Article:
International efforts to defuse the standoff over Ukraine intensified Monday, with French President Emmanuel Macron holding talks in Moscow and German Chancellor Olaf Scholz in Washington to coordinate policies as fears of a Russian invasion mounted.
The buildup of an estimated 100,000 Russian troops near Ukraine has fueled Western worries of a possible offensive.
Macron, who met in the Kremlin with Russian President Vladimir Putin before he is scheduled to head to Ukraine on Tuesday, spoke by phone Sunday with U.S. President Joe Biden to discuss "ongoing diplomatic and deterrence efforts," according to the White House.
"The security and sovereignty of Ukraine or any other European state cannot be a subject for compromise, while it is also legitimate for Russia to pose the question of its own security," Macron said in an interview with French newspaper Journal du Dimanche, adding that he believes that "the geopolitical objective of Russia today is clearly not Ukraine, but to clarify the rules of cohabitation with NATO and the EU."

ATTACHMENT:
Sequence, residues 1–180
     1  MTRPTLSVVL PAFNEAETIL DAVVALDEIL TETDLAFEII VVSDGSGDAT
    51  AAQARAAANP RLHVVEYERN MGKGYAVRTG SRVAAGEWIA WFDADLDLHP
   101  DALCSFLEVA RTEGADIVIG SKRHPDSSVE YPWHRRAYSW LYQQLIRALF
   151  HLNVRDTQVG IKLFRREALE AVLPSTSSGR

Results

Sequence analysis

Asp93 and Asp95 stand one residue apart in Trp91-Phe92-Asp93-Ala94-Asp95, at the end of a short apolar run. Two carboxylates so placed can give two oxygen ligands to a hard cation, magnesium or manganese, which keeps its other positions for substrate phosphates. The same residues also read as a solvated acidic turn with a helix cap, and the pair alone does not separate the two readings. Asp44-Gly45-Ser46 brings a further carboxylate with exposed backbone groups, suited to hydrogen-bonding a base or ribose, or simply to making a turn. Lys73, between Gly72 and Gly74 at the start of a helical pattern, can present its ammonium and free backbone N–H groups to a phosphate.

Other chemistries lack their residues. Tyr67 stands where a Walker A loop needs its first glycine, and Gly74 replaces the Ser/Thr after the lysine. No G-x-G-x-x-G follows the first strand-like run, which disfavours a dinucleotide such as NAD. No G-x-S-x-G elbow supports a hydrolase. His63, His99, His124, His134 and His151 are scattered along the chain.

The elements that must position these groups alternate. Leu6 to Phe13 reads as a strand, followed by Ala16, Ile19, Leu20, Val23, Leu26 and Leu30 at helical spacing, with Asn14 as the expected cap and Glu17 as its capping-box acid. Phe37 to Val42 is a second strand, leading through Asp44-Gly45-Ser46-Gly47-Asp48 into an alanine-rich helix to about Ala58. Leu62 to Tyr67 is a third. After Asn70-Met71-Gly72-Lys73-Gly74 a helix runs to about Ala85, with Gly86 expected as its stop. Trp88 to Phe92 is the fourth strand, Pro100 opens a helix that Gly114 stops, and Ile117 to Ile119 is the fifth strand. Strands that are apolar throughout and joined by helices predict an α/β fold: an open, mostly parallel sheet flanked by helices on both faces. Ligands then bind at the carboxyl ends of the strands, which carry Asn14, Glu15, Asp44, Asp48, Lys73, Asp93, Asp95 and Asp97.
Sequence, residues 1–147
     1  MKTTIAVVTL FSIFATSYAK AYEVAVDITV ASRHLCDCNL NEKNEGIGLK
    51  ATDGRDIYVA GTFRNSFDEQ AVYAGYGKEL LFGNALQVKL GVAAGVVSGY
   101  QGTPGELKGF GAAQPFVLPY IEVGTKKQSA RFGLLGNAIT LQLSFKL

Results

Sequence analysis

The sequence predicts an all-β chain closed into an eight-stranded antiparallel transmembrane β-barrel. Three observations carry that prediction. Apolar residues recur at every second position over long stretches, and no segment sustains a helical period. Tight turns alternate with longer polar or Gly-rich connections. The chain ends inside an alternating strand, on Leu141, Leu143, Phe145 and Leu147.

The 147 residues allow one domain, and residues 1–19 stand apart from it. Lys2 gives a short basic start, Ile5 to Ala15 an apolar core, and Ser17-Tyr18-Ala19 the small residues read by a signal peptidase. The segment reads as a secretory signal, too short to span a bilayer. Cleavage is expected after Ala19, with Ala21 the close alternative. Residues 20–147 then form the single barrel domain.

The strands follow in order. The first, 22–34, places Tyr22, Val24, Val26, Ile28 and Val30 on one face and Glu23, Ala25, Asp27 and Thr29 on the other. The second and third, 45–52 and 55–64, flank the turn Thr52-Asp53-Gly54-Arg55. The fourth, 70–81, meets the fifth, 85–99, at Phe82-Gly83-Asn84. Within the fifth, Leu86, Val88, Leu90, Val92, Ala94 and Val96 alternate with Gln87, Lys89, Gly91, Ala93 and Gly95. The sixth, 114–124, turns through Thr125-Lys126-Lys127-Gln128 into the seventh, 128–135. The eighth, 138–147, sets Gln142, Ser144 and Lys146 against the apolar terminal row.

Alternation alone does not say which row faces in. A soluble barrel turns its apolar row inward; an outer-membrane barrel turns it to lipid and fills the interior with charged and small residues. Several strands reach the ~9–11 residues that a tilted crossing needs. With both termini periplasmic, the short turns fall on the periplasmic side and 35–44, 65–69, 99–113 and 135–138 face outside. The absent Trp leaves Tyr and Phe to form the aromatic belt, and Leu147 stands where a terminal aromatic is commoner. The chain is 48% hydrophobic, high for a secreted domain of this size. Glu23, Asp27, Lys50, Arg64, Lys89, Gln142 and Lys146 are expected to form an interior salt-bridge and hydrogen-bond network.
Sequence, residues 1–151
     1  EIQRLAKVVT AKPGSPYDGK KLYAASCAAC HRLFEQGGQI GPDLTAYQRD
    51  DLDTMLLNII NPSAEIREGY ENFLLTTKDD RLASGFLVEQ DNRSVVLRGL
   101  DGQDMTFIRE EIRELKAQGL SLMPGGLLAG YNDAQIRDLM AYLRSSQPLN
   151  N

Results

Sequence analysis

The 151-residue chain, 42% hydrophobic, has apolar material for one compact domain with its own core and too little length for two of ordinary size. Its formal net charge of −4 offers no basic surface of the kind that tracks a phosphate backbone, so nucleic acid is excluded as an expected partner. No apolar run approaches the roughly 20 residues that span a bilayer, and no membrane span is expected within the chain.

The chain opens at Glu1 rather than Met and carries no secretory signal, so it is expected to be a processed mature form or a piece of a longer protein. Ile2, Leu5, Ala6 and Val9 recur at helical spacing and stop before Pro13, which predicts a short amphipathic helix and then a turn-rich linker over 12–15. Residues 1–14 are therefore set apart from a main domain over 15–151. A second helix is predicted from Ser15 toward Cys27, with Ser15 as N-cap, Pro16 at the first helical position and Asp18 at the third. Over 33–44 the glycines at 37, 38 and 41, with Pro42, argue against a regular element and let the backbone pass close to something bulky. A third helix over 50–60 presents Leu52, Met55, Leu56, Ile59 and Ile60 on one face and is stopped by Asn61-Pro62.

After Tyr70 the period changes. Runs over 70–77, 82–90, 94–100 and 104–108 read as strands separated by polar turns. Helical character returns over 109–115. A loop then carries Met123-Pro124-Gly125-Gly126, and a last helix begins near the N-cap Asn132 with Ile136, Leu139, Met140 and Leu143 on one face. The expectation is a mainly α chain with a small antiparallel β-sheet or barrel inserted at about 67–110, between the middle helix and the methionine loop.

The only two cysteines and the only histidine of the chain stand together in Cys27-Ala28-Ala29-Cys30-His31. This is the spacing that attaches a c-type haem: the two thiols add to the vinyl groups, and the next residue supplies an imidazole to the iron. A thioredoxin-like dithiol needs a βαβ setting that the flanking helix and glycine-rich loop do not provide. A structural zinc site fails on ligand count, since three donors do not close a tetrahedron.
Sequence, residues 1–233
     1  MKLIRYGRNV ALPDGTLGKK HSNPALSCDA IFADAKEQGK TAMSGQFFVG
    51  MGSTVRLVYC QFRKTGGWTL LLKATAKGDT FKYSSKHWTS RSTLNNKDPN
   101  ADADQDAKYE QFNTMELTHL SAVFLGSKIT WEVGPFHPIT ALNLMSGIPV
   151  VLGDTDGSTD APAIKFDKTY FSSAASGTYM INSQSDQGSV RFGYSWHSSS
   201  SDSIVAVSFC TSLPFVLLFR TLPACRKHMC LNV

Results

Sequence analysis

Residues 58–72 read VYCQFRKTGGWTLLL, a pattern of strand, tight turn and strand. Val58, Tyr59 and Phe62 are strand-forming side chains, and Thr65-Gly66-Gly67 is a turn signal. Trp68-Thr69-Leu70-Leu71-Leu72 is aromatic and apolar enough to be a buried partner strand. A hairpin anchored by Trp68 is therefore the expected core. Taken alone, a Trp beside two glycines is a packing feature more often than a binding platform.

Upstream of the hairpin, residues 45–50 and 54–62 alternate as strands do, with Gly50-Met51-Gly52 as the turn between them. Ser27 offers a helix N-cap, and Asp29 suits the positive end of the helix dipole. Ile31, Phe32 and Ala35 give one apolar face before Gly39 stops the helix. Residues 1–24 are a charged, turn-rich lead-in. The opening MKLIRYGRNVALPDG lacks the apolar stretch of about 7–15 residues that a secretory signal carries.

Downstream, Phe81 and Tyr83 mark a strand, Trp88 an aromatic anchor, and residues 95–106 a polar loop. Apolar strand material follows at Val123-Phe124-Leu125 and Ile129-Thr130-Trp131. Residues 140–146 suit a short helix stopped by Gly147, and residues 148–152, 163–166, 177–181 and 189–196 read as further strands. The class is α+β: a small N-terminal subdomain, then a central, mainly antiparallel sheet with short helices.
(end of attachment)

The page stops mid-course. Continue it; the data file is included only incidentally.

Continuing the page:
Macron told reporters that he felt "reasonably optimistic" ahead of his meeting with Putin.
Putin's spokesman, Dmitry Peskov, described Macron's visit as "very important," but sought to temper expectations, saying "the situation is too complex to expect a decisive breakthrough after just one meeting."
He noted that "the atmosphere has remained tense," adding that the U.S. and its allies have continued to ignore Moscow's security demands.
Russia has denied any plans to attack its neighbor but demands that the U.S. and its allies bar Ukraine and other former Soviet nations from joining NATO, halt weapons deployments there and roll back NATO forces from Eastern Europe. Washington and NATO reject those demands.
Additional reporting by The Associated Press.